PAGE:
Perspectives Papers

Perspectives Papers provide analysis from BESA Center research associates and other outside experts on the most important issues pertaining to Israel and the Middle East.

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What’s On a Muslim Refugee’s Mind?

No. 583
| September 10, 2017

Almost all the “poor” illegal migrants on the Greek islands want to go to Germany, where they have heard from friends and relatives that they will be the best paid for being refugees. The cliché “the-poor-souls-are-fleeing-war-in-their-native-country” is becoming less and less convincing by the day. True, most Syrians fled to Turkey after the start of civil war in their country. But is flight from war their motivation as they proceed onwards to Greece, Serbia, Hungary, and Austria?

A Different Perspective on the Temple Mount Crisis

No. 582
| September 8, 2017

Moderate leaders warn that the Israeli-Palestinian conflict may turn from a national conflict into a religious one. Right-wing leaders claim it has been a religious conflict from the start. Both approaches have been applied to the Temple Mount crisis, and both are affected by a totalist perception of the understanding of the religious imperative.

Tokyo’s North Korean Dilemma

No. 581
| September 7, 2017

On August 29, 2017, North Korea launched a Hwasong-12 missile over Japan that landed in the Pacific Ocean – a show of force that once again illustrated Japan’s vulnerability to North Korea’s ballistic missiles. Tokyo should reconsider its newly conciliatory method of coping with the threat from Pyongyang. It will not be able to deter North Korea alone, and may have no choice but to be more active militarily.

Is It Zero Hour? Pyongyang’s Nuclear Power Is Developing at a Dizzying Pace

No. 580
| September 6, 2017

Tensions between the US and North Korea, which greatly increased following North Korea’s two ICBM launches on July 4 and July 28, are now near the boiling point. North Korea’s sixth nuclear test, which it conducted on September 3, seemed to indicate that it has reached an advanced capability to develop nuclear weapons. Despite Kim’s provocations and concern that Pyongyang’s military power will reach a point of no return, one cannot confidently predict that President Trump will risk a ground offensive. Nor, however, does it appear that the war of words is having any effect on Kim. Trump may have to order an operation to destroy North Korean strategic targets from the air.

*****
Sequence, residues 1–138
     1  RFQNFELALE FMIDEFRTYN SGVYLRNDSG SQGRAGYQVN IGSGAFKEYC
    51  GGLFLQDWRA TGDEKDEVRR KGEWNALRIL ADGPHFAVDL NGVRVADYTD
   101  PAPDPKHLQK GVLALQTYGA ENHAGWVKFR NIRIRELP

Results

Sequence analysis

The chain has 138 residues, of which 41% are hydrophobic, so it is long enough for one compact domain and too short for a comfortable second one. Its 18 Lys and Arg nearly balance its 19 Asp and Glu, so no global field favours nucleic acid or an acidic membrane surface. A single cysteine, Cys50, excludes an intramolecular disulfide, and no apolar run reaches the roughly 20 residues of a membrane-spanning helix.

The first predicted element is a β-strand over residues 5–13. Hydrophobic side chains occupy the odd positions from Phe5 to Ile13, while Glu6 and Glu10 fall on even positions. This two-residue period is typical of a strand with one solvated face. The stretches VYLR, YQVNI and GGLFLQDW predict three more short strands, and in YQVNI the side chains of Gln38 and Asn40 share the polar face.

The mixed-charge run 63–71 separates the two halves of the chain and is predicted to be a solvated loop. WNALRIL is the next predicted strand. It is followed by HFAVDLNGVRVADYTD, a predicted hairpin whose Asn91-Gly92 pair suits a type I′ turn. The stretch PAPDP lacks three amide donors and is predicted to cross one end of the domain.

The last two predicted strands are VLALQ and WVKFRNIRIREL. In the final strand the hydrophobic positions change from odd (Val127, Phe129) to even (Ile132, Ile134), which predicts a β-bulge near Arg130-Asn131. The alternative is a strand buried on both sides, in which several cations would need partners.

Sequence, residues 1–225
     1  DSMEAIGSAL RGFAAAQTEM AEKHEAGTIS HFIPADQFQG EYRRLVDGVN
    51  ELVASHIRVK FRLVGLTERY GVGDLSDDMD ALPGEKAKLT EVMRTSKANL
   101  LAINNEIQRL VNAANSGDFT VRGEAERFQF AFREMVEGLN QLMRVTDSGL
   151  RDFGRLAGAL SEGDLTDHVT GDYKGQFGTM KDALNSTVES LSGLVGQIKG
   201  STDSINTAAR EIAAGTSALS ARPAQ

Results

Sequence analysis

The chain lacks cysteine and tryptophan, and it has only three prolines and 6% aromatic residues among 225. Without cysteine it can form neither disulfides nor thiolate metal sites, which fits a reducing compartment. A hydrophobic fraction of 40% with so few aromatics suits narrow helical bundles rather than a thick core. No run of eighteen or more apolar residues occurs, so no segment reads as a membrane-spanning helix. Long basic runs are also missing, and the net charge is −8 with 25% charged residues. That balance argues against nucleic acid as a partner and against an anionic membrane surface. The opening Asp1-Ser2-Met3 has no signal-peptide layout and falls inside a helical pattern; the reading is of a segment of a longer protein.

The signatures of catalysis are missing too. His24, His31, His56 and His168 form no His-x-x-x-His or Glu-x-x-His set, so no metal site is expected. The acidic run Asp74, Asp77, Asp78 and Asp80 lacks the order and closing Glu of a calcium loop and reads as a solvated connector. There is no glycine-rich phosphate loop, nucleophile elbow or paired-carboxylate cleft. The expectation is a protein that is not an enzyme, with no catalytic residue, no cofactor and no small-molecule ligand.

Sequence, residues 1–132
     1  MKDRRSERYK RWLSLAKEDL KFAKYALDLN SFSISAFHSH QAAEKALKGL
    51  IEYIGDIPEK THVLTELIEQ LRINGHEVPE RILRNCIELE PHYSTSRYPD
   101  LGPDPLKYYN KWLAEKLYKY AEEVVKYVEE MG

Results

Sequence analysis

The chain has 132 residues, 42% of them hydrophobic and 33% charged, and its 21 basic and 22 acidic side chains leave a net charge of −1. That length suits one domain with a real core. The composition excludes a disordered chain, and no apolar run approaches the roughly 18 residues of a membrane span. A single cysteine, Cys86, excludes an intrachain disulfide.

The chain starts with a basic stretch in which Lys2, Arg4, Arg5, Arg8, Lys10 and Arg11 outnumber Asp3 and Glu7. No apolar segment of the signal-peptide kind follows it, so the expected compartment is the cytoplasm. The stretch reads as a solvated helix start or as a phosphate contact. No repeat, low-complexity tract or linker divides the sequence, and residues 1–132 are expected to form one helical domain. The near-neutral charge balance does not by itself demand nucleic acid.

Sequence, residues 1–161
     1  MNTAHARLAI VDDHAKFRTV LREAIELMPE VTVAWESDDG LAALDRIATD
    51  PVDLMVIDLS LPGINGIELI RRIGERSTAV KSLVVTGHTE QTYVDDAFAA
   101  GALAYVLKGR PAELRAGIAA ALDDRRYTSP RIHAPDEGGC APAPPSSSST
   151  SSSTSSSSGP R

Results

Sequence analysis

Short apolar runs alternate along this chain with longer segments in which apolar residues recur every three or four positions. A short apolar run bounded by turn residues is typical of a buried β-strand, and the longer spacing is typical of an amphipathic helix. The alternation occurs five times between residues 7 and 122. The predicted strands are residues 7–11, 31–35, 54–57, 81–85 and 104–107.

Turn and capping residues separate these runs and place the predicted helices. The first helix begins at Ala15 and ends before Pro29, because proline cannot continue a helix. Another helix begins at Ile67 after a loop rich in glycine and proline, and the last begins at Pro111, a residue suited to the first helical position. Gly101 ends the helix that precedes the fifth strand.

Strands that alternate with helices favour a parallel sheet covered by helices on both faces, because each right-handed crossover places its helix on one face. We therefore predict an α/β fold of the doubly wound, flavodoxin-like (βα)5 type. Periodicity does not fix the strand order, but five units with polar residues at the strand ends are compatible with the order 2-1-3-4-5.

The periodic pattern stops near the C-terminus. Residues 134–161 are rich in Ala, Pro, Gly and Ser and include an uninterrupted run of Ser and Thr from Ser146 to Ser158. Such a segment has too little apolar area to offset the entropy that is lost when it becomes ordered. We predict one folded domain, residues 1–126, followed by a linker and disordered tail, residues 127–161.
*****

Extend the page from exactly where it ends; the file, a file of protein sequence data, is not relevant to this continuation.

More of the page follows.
The North Korean Threat: Rationality, Intentionality, and Nuclear War

No. 579
| September 5, 2017

To deal with the growing nuclear threat from North Korea, US policy will need to be drawn from theoretical decision models. Four such models should be constructed along the axes of rationality and intentionality. With these models in hand, President Trump and his senior strategists would be better prepared to assess and counter the threats posed by Kim Jong-un to the US and its allies. In the latter regard, the North Korean leader maintains ties to some of Israel’s core enemies in the Middle East, including Syria, Hezbollah, and Iran.

Israel Is Real

No. 578
| September 4, 2017

The democratic Jewish state of Israel defies revisionist historicism. It looks Muslim hate in the eye and although stirred, remains unshaken: Israel is here to stay.

Palestinian Settler-Colonialism

No. 577
| September 3, 2017

The concept of “settler colonialism” has been applied with almost unique vehemence against Israel. But the fact that Jews are the indigenous population of the Southern Levant can be proved with ease. In contrast, historical and genealogical evidence shows Palestinians descend primarily from three primary groups: Muslim invaders, Arab immigrants, and local converts to Islam. The Muslim conquest of Byzantine Palestine in the 7th century CE is a textbook example of settler-colonialism, as is subsequent immigration, particularly during the 19th and 20th centuries under the Ottoman and British Empires. The application of the concept to Jews and Zionism by Palestinians is both ironic and unhelpful.

Why Are Relations Tightening Between China and Turkey?

No. 576
| September 1, 2017

The volume of trade between China and Turkey grew significantly in the first decade of this century. The countries’ relationship is now strengthening further, reflecting Turkey’s interest in participating in the BRI and the Chinese leadership’s struggles with its Uyghur minority. Judging from recent declarations, it appears the relationship will hold up, as neither side has viable alternatives to this alliance.

The Hezbollah-Fath al-Sham Ceasefire: A New Regional Equilibrium?

No. 575
| August 31, 2017

According to a recent Lebanese press report, a ceasefire agreement has been signed between Hezbollah and the insurgent group Fath al-Sham. This pivotal agreement may serve as an opportunity for both sides to widen the ceasefire into a full agreement that will end the Syrian civil war, which would enable Hezbollah to redirect its efforts towards Israel. Israel must address these developments and implement a new strategy to meet the new era.

Assessing the North Korean Crisis

No. 574
| August 30, 2017

When mischief transfigures into menace, and plausible deniability gets in the way of the immediate concerted action necessary to punish state criminality in a decisive and conclusive manner, strategic patience becomes inversely proportional to strategic purpose. The North Korean crisis is a testament to the lamentable current state of a dysfunctional international system in need of a monitored ethical code, of decency and candor, of sincerity, humanity, wisdom and justice, at every echelon. It is time for diplomats and state leaders to heed the urgency.